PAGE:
Tribology Letters

, 67:34 | Cite as

Film Thickness and Friction of ZDDP Tribofilms

  • Joanna Dawczyk
  • Neal Morgan
  • Joe Russo
  • Hugh SpikesEmail author
Open Access
Original Paper


Tribofilm formation by several zinc dialkyl- and diaryldithiophosphate (ZDDP) solutions in thin film rolling-sliding conditions has been investigated. A primary, a secondary alkyl and a mixed alkyl ZDDP show similar rates of film formation and generate films typically 150 nm thick. Another secondary ZDDP forms a tribofilm much faster and the film is partially lost after extended rubbing. An aryl ZDDP forms a tribofilm much more slowly. The films all have a pad-like structure, characterised by flat pad regions separated by deep valleys. Three different techniques have been used to analyse the thickness and morphology of the tribofilms: spacer layer imaging (SLIM), scanning white light interferometry (SWLI) of the gold-coated film and contact mode atomic force microscopy (AFM). The SLIM method measures considerably thicker films than the other two techniques, probably because of lack of full conformity of a glass disc loaded against the rough tribofilm. No evidence of a highly viscous layer on top of the solid tribofilm is seen. SWLI and contact mode AFM measure similar film thicknesses. The importance of coating the tribofilm with a reflective layer prior to using SWLI is confirmed. As noted in previous work, the formation of a ZDDP tribofilm is accompanied by a marked shift in the Stribeck friction curve towards higher entrainment speed. For a given ZDDP this shift is found to correlate with the measured tribofilm roughness, proving that it results from the influence of this roughness on fluid entrainment in the inlet.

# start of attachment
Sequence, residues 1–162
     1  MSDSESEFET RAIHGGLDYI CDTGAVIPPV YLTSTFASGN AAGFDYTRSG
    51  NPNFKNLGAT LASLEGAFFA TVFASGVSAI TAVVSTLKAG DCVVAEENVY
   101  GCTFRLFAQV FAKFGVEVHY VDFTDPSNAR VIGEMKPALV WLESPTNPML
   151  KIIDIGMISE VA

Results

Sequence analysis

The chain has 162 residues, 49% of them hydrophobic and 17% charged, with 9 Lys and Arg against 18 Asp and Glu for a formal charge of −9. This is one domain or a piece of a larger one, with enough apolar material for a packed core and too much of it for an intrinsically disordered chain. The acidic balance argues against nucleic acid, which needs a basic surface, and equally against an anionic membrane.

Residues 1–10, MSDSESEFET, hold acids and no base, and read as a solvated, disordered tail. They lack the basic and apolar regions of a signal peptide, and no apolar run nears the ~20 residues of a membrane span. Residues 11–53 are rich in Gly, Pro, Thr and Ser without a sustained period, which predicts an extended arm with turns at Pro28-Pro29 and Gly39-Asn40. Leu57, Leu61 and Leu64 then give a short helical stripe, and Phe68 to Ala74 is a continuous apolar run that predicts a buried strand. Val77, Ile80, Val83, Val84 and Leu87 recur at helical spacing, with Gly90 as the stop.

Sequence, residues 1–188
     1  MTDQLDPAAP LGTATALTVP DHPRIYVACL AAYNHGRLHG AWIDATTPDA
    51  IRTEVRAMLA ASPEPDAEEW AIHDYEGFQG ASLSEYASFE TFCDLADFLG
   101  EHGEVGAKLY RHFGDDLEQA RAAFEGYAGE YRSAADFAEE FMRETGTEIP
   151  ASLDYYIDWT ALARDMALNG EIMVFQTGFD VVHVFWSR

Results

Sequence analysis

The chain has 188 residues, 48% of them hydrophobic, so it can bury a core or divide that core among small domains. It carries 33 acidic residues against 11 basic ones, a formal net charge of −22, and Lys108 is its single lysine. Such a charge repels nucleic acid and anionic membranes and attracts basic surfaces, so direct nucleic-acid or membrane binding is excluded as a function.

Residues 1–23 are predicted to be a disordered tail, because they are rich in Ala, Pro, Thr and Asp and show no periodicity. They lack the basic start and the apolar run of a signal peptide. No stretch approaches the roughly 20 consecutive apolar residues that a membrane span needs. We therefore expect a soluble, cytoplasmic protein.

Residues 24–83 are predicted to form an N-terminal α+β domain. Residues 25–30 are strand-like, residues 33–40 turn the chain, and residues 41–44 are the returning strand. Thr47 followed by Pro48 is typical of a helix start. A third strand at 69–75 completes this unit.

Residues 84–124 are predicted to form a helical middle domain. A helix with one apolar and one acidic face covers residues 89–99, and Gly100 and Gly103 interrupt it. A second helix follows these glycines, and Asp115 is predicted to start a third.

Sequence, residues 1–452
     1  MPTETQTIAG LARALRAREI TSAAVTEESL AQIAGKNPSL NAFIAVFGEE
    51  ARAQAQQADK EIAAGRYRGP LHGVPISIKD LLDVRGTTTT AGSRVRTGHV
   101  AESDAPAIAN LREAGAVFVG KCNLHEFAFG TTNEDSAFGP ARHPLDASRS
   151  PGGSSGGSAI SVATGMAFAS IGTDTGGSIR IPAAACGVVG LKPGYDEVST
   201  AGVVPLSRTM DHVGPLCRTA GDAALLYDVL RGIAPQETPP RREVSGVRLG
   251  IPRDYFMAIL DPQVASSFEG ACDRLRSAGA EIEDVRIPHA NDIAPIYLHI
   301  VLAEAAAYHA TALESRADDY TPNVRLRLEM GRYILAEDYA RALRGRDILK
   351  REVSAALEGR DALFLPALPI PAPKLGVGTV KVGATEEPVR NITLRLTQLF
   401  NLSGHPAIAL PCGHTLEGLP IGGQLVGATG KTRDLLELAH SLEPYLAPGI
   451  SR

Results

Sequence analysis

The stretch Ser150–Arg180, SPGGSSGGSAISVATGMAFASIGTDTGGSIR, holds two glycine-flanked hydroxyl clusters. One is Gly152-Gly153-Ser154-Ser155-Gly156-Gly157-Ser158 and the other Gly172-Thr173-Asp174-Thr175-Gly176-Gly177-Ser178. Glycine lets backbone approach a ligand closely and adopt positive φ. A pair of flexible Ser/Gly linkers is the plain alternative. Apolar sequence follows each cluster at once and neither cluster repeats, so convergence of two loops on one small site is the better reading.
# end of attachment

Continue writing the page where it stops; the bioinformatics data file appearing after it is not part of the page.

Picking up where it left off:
ZDDP Zinc dialkyldithiophosphate Tribofilm Antiwear Film thickness Friction Roughness 

1 Background

Zinc dialkyl- and diaryldithiophosphates (ZDDPs) were first introduced as lubricant anticorrosion, extreme pressure and oxidation inhibitor additives in the early 1940s, with their remarkable wear preventive properties being recognised a decade later in the 1950s [1]. Since then ZDDPs have been the antiwear additives of choice in almost all engine oils. In the 1990s, exhaust after-treatment systems were introduced in motor vehicles in order to reduce harmful emissions such as NOx, soot and unburnt hydrocarbons, and it was soon observed that sulphur and phosphorus compounds originating in part from ZDDP reduced the useful life of these systems [2]. This led to a progressive reduction in the levels of metallic elements, P and S allowed in engine oils and for some time the partial or complete replacement of ZDDP by alternative antiwear additives appeared imminent [3]. So far, however, no technology has been found as effective, versatile and cost-effective as ZDDP and the issue has instead been mitigated by the introduction in the most recent engine oil specifications of a phosphorus retention level [4]. This requires that at least 79% of the phosphorus content of the fresh oil still be present in the engine oil at the end of a prolonged engine test, implying that it has not found its way into the exhaust system. As well as enabling continued use of ZDDPs, this requirement has led to the increased choice of those ZDDPs having relatively low volatility [5].